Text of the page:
Your latest article on credit hire ('The great credit hire scandal', 22 July) is yet another pointer towards the problems that continue to bedevil the motor industry when it comes to providing vehicles for policyholders.
With policyholders needing to stay mobile (recent research by the Bristol Business School showed that replacement vehicles topped claimants' wish lists), the continued lack of clarity from credit hire companies and the suspicion around secret deals, insurers are under a lot of pressure.
It's not just the money potentially lost - although that is bad enough - it's the fact that policyholders are paying the price but not benefiting from any kind of service. That is a good way to lose them when it comes time for renewal.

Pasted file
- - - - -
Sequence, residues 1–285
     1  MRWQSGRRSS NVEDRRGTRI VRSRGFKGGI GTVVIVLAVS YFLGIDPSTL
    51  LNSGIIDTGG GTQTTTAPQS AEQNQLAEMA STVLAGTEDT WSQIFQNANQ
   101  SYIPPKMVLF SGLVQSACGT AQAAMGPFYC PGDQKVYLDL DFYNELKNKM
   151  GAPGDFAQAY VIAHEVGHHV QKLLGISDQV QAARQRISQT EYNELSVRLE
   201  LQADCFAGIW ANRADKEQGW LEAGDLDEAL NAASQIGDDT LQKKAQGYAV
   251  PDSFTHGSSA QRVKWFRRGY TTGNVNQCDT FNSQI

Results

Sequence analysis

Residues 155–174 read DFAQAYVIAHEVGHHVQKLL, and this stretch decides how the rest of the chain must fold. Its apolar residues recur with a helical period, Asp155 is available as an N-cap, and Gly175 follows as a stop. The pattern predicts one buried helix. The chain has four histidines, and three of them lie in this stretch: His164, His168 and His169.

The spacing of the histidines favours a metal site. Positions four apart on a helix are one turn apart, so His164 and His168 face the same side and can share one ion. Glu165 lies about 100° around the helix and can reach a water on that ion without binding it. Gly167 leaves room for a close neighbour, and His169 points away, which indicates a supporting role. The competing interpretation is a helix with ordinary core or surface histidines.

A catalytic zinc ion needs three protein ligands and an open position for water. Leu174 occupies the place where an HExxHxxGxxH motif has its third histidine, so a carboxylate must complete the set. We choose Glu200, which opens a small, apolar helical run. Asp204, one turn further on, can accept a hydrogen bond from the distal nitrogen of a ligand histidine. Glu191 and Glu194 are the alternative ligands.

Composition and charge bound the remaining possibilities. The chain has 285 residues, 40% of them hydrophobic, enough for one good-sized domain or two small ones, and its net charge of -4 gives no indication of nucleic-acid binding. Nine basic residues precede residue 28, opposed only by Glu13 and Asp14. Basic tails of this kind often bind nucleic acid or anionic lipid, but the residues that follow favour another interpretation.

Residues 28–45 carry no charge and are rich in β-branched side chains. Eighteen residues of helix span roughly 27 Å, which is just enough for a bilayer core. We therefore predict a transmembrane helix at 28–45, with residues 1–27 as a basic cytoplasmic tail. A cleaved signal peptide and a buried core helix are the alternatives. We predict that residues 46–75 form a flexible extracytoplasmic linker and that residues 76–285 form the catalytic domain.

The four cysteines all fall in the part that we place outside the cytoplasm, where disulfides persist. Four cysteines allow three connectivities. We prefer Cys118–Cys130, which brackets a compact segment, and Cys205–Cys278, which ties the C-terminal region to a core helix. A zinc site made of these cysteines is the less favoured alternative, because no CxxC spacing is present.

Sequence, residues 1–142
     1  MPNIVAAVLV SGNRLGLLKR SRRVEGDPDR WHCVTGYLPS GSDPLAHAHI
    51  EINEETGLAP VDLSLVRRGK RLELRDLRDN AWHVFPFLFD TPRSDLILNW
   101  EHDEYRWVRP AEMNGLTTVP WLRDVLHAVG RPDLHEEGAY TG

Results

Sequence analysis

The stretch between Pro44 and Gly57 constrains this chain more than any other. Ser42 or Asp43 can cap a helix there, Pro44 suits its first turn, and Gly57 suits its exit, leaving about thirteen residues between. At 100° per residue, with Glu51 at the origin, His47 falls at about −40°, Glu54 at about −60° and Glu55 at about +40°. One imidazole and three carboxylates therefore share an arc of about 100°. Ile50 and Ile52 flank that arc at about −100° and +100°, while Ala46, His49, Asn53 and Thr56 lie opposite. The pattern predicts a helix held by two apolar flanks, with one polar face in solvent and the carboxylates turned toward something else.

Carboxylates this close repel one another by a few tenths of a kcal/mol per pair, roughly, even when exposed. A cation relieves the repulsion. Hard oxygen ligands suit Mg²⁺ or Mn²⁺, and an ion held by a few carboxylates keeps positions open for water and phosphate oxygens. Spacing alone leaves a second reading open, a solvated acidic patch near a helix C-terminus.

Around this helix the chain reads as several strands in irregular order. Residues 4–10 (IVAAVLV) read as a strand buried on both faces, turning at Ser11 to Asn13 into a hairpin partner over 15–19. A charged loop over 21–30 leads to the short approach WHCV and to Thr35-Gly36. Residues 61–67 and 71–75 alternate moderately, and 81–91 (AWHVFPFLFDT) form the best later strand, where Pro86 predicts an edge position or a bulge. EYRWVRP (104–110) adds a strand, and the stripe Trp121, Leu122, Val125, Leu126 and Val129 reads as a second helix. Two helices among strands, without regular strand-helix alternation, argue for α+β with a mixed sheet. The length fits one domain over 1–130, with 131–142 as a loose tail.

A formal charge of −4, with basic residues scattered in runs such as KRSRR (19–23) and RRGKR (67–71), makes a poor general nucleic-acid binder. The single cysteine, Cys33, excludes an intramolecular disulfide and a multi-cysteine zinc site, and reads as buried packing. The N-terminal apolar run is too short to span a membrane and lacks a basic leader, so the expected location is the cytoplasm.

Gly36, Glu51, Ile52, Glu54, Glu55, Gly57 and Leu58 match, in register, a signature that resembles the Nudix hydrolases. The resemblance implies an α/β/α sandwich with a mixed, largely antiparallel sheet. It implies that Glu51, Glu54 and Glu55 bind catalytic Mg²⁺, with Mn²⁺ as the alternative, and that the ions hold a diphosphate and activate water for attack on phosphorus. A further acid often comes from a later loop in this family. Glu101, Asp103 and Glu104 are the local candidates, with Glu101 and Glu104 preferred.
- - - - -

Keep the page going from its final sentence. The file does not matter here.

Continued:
Your article also raises the question of how credit hire companies make a profit when these referral fees are taken into account. The possibility that insurers are being overcharged by credit hire firms is one that needs careful examination, and we applaud Dominic Clayden in his demand for greater transparency.
There is an opportunity here for the industry and a chance to really move forward. Customers are the lifeblood of the insurance market and they should be given what they really want - an uncomplicated, transparent and easily manageable mobility solution when their own car is being repaired or even when it has been written off or stolen.
Vice-president of sales
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